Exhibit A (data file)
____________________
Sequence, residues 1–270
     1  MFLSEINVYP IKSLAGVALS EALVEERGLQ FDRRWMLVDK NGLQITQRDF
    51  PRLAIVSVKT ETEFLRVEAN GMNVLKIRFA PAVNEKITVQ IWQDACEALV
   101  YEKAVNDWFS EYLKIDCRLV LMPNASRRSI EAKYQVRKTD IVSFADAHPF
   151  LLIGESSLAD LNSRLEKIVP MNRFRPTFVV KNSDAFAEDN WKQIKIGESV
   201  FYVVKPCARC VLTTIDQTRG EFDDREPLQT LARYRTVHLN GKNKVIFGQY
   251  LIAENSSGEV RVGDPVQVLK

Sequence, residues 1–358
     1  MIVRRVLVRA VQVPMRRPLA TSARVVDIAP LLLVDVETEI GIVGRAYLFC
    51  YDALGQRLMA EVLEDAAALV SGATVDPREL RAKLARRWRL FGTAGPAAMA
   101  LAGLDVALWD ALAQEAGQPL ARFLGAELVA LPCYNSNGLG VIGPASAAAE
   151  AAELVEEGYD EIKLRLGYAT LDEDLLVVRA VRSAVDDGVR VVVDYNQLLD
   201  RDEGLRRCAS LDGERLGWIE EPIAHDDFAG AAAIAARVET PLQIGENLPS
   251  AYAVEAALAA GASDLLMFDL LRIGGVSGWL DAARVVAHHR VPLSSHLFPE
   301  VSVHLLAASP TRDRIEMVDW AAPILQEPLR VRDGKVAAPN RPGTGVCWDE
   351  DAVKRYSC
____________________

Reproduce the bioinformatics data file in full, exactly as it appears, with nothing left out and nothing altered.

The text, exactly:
Sequence, residues 1–270
     1  MFLSEINVYP IKSLAGVALS EALVEERGLQ FDRRWMLVDK NGLQITQRDF
    51  PRLAIVSVKT ETEFLRVEAN GMNVLKIRFA PAVNEKITVQ IWQDACEALV
   101  YEKAVNDWFS EYLKIDCRLV LMPNASRRSI EAKYQVRKTD IVSFADAHPF
   151  LLIGESSLAD LNSRLEKIVP MNRFRPTFVV KNSDAFAEDN WKQIKIGESV
   201  FYVVKPCARC VLTTIDQTRG EFDDREPLQT LARYRTVHLN GKNKVIFGQY
   251  LIAENSSGEV RVGDPVQVLK

Sequence, residues 1–358
     1  MIVRRVLVRA VQVPMRRPLA TSARVVDIAP LLLVDVETEI GIVGRAYLFC
    51  YDALGQRLMA EVLEDAAALV SGATVDPREL RAKLARRWRL FGTAGPAAMA
   101  LAGLDVALWD ALAQEAGQPL ARFLGAELVA LPCYNSNGLG VIGPASAAAE
   151  AAELVEEGYD EIKLRLGYAT LDEDLLVVRA VRSAVDDGVR VVVDYNQLLD
   201  RDEGLRRCAS LDGERLGWIE EPIAHDDFAG AAAIAARVET PLQIGENLPS
   251  AYAVEAALAA GASDLLMFDL LRIGGVSGWL DAARVVAHHR VPLSSHLFPE
   301  VSVHLLAASP TRDRIEMVDW AAPILQEPLR VRDGKVAAPN RPGTGVCWDE
   351  DAVKRYSC